A gold investor recently asked me: Are cryptocurrencies (like bitcoin) a threat to replace gold as a store of value?
As cofounder of disruption research firm RiskHedge and CEO of precious metals storage company the Hard Assets Alliance, I like to think I can offer a unique perspective on this.
Let me start by stating that I am a very strong believer in the blockchain technology that has made most cryptocurrencies possible. Blockchain will transform many industries. And the disruptions it will bring could be as profound as the inception of the World Wide Web.
Investing in blockchain companies that will lead this coming disruption will be very profitable, although picking the winners won’t be easy. However, in my opinion, cryptocurrencies are an entirely different play than gold.
A Monopoly on Money
I believe that cryptocurrencies will eventually replace fiat currencies and become the main way we buy and sell things. But I do not think they will ever become a store of value or an asset like gold. Of course, no one knows for sure at this point. The best we can do is think through possible outcomes.
The reason why I would be very cautious about investing in Bitcoin or any other cryptocurrency is that governments won’t allow decentralized currencies to threaten their own sovereign currencies. Cryptocurrencies are still marginal, so governments stay idle. But if any crypto seriously threatened, say, the USD, its days would be numbered.
Every major government in the world is contemplating the introduction of its own cryptocurrency. So there’s a real chance that all cryptocurrencies, except those issued by a government, will be banned. That will allow governments to harness the blockchain technology while retaining control of money.
The same thing happened with bank notes issued by private bank—they eventually became sovereign currencies.
When governments realized that having a monetary monopoly allowed them to create money out of thin air, they introduced a sovereign fiat currency and outlawed private bank notes.
Get Ready for the Crypto Dollar
The case for sovereign cryptocurrencies is even more compelling. As soon as we have a “crypto dollar,” “crypto renminbi,” or another sovereign currency, governments will be able to get rid of money laundering, tax evasion, and avoid a lot of other problems that come with cash.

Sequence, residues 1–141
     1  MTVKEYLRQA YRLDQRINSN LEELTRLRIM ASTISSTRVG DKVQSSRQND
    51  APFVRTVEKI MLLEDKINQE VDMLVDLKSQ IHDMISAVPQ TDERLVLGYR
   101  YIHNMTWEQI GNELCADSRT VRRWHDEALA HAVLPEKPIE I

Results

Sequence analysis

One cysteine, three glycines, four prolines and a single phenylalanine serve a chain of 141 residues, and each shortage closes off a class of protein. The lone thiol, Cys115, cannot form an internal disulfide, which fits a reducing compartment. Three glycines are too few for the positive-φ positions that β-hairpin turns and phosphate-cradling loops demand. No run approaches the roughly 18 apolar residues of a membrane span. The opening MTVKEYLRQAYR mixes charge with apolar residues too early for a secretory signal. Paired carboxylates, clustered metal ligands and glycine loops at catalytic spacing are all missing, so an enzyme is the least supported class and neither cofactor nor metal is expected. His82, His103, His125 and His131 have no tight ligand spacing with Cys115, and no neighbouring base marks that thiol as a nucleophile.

Major governments will work together to ensure that they have control over money issuance and tax collection.
Many crypto bugs tell me that governments are already late in the game so they can’t control Bitcoin anymore. I disagree. All the US government has to do is to impose heavy sanctions on any business that uses or accepts bitcoins. No serious company will touch it.
This is exactly how the US successfully imposed FACTA, a US law, on all of the world’s financial institutions.
Cryptocurrencies’ Effect on the Gold Price
Could cryptocurrencies hurt precious metals prices?
Cryptocurrencies have definitely attracted a lot of capital that would have otherwise flowed into other asset classes. A number of precious metals investors have been lured into buying cryptocurrencies—many of them, unfortunately, bought at the worst possible time (late last year).
That said, the relationship between cryptocurrencies and precious metals prices is far from obvious. Late last year, Bitcoin hit all-time highs, but gold also had a reasonably good year, gaining about 11%. So far this year, bitcoin has plunged 54%, while gold has slipped 9%. So it’s hard to tell what impact the crypto craze has had on gold’s price.
What’s more obvious is gold’s close correlation to the US dollar. The recent strength of the USD has hurt precious metals prices. Higher interest rates are also partially to blame. However, no one can predict where both are headed.
One thing I can say for sure is that precious metals are now very cheap as an asset class. Gold is selling for its lowest price in 18-months. And silver hasn't been this cheap since early 2016. For this reason, I’m personally increasing my allocation to both gold and silver. If precious metals prices happen to drop further, I will buy more. Every asset class goes through cycles. Gold is historically cheap right now. It will eventually get more expensive.
In 1980, nobody owned stocks and everybody owned gold. Yet stocks were historically cheap at the time. It didn’t work out well for folks who were obsessed with gold. Now the opposite is true. Everyone is obsessed with overvalued stocks or volatile cryptocurrencies, and nobody wants gold.
One last thing to note: I now have a very large allocation to cash because I expect many asset classes to become cheaper within the next couple of years.
I hope this is helpful and thank you for reading.